What We Believe

We are Trinitarian, Christ-centered, new covenant, and “radical” grace-based in our beliefs, convictions, and emphases. We believe in the Apostle’s Creed and the Nicene Creed. We believe articles of faith that go beyond these are counterproductive to unity. Articles of faith are too often code for:

  • Why we are better and smarter than everyone else.
  • Why everyone else is wrong.
  • Why we can’t get along with anyone else.

They are also often used to “score one another,” to look for “chinks in the armor” of another. We are not interested in entertaining that spirit.

We also believe that if our belief systems do not transform our relationships and interactions with God, one-another (the family of God) and humanity, those belief systems while perhaps orthodox in creed, are in the end . . . useless, vain.

I have found that doctrinal conformity does not ensure love, respect, and mutual service and it will never be enough to keep brothers together when things get tough. Only love is the cement of perfection/maturity, not doctrinal conformity. I walk in rich relationships with many brothers and sisters within Protestantism with whom I have very little in common doctrinally. I also have rich relationships with Greek Orthodox and Roman Catholic brothers and sisters.

I think the whole “articles of faith” idea is a left-over relic of Reformation thinking and modalities based on argument and counter-argument over who was the”rightest,” rather than manifesting the life of Christ and loving each other well (Something in which the Reformers failed miserably.). I think “articles of faith” is a concept that has out-lived its usefulness. Depending on the source data which one wants to refer, there are between 33,000-41,000 known Protestant denominations, each with their own “articles of faith.” That is not good fruit. Frankly, I am not interested in playing on that field.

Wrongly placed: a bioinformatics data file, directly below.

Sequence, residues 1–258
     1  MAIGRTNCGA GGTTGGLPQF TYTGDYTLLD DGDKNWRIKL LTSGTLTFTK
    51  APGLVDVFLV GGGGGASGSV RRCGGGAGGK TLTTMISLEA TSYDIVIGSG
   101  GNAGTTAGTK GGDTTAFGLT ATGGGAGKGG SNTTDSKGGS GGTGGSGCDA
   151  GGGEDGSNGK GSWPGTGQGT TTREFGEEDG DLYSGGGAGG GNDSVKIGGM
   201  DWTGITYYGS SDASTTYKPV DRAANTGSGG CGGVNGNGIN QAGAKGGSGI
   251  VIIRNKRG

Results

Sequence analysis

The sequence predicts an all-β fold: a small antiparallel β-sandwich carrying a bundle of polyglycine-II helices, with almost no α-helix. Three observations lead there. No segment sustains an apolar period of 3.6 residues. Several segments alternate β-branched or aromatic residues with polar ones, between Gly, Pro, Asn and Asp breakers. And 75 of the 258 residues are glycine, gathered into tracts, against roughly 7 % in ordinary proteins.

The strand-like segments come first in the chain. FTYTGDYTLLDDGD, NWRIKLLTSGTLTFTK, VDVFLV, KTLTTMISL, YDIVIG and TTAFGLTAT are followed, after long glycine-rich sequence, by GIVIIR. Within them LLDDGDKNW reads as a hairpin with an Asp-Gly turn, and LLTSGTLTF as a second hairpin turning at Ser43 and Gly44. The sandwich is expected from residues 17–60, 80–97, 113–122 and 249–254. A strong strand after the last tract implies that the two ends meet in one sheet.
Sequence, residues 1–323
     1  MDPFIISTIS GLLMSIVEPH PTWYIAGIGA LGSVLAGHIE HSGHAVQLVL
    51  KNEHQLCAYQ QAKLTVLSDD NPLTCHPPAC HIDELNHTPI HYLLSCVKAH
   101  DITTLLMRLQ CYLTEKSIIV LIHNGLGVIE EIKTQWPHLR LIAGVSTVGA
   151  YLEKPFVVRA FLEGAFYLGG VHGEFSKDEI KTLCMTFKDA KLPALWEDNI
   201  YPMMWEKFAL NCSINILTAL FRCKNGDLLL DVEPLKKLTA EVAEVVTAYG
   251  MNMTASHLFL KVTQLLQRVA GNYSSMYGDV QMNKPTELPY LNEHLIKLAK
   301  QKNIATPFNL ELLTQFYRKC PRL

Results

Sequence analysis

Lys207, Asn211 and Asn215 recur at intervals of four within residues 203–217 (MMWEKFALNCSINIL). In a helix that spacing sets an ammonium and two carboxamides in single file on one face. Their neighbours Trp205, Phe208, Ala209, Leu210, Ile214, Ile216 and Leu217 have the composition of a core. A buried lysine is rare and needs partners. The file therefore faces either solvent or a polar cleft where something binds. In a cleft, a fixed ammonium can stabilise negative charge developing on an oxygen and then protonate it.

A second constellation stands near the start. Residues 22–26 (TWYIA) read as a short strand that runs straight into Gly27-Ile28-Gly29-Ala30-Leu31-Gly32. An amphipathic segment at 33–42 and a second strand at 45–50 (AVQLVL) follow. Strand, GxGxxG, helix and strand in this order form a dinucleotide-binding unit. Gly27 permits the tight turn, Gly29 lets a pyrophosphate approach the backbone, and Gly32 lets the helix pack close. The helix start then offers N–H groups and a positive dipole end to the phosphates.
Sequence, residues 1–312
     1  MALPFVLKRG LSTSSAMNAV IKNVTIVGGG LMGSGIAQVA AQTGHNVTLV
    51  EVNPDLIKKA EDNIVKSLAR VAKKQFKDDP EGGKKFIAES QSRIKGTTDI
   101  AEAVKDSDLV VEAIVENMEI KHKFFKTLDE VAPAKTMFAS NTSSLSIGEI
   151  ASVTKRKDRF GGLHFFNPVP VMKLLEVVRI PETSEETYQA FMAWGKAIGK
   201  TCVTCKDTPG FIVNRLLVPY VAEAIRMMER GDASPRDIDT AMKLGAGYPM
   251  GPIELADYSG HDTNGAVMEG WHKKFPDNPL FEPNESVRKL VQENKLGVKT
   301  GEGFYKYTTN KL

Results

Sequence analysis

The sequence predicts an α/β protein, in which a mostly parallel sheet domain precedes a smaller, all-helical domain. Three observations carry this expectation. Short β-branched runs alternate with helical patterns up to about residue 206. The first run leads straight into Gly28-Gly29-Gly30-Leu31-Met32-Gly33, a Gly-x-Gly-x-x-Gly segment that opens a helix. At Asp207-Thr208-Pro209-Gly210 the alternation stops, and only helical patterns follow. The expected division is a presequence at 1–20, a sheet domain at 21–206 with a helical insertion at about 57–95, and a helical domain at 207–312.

It is not that other issues beyond what I have mentioned here are not important. They are. They just should not define the bandwidth of our love and relationship. We each get to walk in the light of our conscience in “lesser things” while maintaining the bond of peace in the greater things. We are free to disagree on many lesser things.

We believe that “Jesus is Lord”-raised from the dead, the authority of the scripture as the revealer of Jesus Christ, and the reality of the ministry of the Spirit, are the irreducible minimum of Truth-based koinonia. We believe in keeping the Person and work of Jesus Christ central to all we say or do. We  believe inordinate emphasis upon interesting, valuable, but lesser themes, usually results in unnecessary division and fragmentation of the body of Christ.  There is no shortage of opportunity for speculation and argumentation for “Christians”  who want to argue “the Bible.” We are not inclined to do so.

We endeavor to be inclusive and irenic in our interactions with other believers. We agree with the Westminster divines who said:

  • In essentials conformity
  • In non-essentials liberty
  • And in all things, charity (love/kindness/goodwill)

If what I have said here is not good enough for you, does not satisfy you as to my “orthodoxy,” or does not meet your approval for doctrinal purity, if I am not “evangelical” enough for you, or “conservative” enough for you, well, we are probably not meant for each other. Go in peace.

 

20 comments on “What We Believe

  1. Dear Stephen,

    I would appreciate a copy of your statement of faith. Like you, I am “Trinitarian, Christ-centered, new covenant, ‘finished-work.'” I would like to think that we mean the same thing when using the language of “radical grace-based in our beliefs, convictions, and emphases.”

    From what I’ve read on your site, I believe we are probably walking in the same direction and on the same path.

    Thank you for considering my request.
    Chris

    “Wheresoever this Doctrine of grace is received and retained in the love and power of it, it works these five things in the soul, viz. Faith, Love, Fear, Willingness and Chearfulness, and from these five things, as from five Springs, doth all obedience arise.” Robert Purnell, A Little Cabinet, (1657)

  2. Steve:

    After following your blog for about a year (h/t to Vince Coakley), I would like to know more about your statement of faith, views o church polity and thoughts about including “outsiders” in the family. I’m looking forward to learning more about your view of these and other issues that tend to separate believers who are brothers and sisters in Christ.